Can Tetraplegic Men Have Sex?

It's often thought by many people that once you suffer a spinal cord injury, nothing works below the location of your injury.  To a certain extent this is true.  If you suffer a serious spinal cord injury to the neck, your legs are definitely going to be completely paralysed, you will also suffer paralysis in other parts of the body such as fingers, muscles in your torso etc.  However, even though you may not have any movements in your body, that does not mean you are not able to engage in sexual activities.  In fact, many disabled people are in relationships with able-bodied people and have reasonably good sex lives.

Now, let's not kid ourselves, if you do have a spinal cord injury, then the chances are, you're going to have limited, to no feeling below the level of injury.  If you were sexually active before your accident, you must understand that things are going to be very different.  The lack of feeling is obviously going to make a difference when it comes to oral, penetrative sex.  You are not going to be able to feel what is going on. You may be able to ejaculate but you won't get the same feelings as you would have done when you were able bodied.

Some tetraplegic men are lucky and can get an erection quite easily just by touching the penis. After a few years being disabled you may find that this does wear off and even though getting an erection is easy, sometimes not easy to maintain it long enough to have a good session. A lot of men take drugs such as Viagra in order to maintain an erection. However, it's vitally important that you consult your doctor before taking any pills that can affect your blood pressure. I don't think anyone would enjoy having sex while suffering a serious autonomic dysreflexia attack.

Another alternative is to use some kind of . No, that doesn't involve sticking a bicycle pump up your old chap and pumping. Basically, it uses a kind of vacuum to draw blood into the penis. Once you have an erection, you can use a restrictive band to keep the blood in place. If you look on eBay, they sell all sorts of different penis pumps.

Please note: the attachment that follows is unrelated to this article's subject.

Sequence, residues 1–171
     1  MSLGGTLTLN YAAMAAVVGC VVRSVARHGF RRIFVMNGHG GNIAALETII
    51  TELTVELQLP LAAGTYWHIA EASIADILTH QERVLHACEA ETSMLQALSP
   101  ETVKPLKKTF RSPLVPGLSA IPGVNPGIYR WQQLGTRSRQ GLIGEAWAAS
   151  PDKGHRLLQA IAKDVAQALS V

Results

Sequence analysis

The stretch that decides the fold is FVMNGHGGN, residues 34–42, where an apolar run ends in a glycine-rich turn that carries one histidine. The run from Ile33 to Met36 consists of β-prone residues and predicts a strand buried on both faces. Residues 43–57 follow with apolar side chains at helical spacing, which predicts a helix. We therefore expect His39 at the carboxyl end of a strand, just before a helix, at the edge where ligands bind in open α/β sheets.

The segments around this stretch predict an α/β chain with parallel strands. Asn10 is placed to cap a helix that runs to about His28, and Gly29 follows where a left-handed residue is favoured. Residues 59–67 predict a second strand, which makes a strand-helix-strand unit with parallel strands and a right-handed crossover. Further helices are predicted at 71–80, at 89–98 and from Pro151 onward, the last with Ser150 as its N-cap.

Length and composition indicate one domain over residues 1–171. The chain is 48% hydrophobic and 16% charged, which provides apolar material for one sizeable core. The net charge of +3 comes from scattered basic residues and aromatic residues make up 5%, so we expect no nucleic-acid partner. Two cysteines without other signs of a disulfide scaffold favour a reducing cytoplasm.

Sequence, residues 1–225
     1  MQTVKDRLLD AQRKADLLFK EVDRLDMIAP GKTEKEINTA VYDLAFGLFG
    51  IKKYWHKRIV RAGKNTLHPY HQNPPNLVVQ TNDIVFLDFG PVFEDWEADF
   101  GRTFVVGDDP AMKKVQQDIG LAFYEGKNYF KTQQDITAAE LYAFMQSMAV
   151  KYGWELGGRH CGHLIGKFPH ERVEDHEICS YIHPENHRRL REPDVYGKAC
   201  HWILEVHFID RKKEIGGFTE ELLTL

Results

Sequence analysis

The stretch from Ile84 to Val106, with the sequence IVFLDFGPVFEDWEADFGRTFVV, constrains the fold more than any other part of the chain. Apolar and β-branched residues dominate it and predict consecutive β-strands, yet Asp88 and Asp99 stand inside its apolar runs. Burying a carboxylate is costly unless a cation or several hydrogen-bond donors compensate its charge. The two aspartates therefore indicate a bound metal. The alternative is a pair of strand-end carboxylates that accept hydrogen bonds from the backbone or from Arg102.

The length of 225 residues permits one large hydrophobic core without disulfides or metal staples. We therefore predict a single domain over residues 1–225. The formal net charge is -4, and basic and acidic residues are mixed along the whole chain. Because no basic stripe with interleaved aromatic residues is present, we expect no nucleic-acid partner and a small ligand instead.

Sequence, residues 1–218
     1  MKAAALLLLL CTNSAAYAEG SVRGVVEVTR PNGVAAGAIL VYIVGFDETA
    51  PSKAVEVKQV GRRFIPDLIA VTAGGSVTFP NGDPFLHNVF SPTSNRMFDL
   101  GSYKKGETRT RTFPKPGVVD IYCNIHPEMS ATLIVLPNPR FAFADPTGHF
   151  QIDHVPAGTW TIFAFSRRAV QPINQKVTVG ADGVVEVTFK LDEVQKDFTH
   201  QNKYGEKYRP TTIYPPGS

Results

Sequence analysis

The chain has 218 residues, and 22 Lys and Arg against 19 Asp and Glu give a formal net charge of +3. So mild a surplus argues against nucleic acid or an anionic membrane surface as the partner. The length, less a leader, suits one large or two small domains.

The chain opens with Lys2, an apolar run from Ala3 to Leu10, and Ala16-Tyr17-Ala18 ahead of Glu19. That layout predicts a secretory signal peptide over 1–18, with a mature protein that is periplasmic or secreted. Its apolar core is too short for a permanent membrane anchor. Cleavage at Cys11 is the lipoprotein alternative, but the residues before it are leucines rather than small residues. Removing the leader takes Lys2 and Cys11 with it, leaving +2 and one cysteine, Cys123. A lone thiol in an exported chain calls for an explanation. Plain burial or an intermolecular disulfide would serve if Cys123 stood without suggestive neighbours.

Before you do engage in any penetrative sex, you might be best trying to empty your bladder as much as possible.  Obviously, if you are not able to use a catheter to do this task then tapping your bladder is the next best thing.  I shouldn't get too worried, though, as long as you don't have a urinary tract infection, you're not going to cause any harm if you do pass some water slightly during sex. It really does depend on how your partner feels about you passing urine.  Whereas some people just don't want that kind of thing going on during sex, other partners will not bother about it at all.

If you happen to have a suprapubic catheter then you can just get on with things. Basically, a suprapubic catheter enters the bladder through the skin rather than the penis. Many people opt for this type of catheter because it makes for an easier sex life.

I just covered this subject briefly, I don't think I need to go into great detail about having sex, that just isn't necessary.  As long as you know that a large majority of disabled people are perfectly capable of having sex then you can make the rules up from there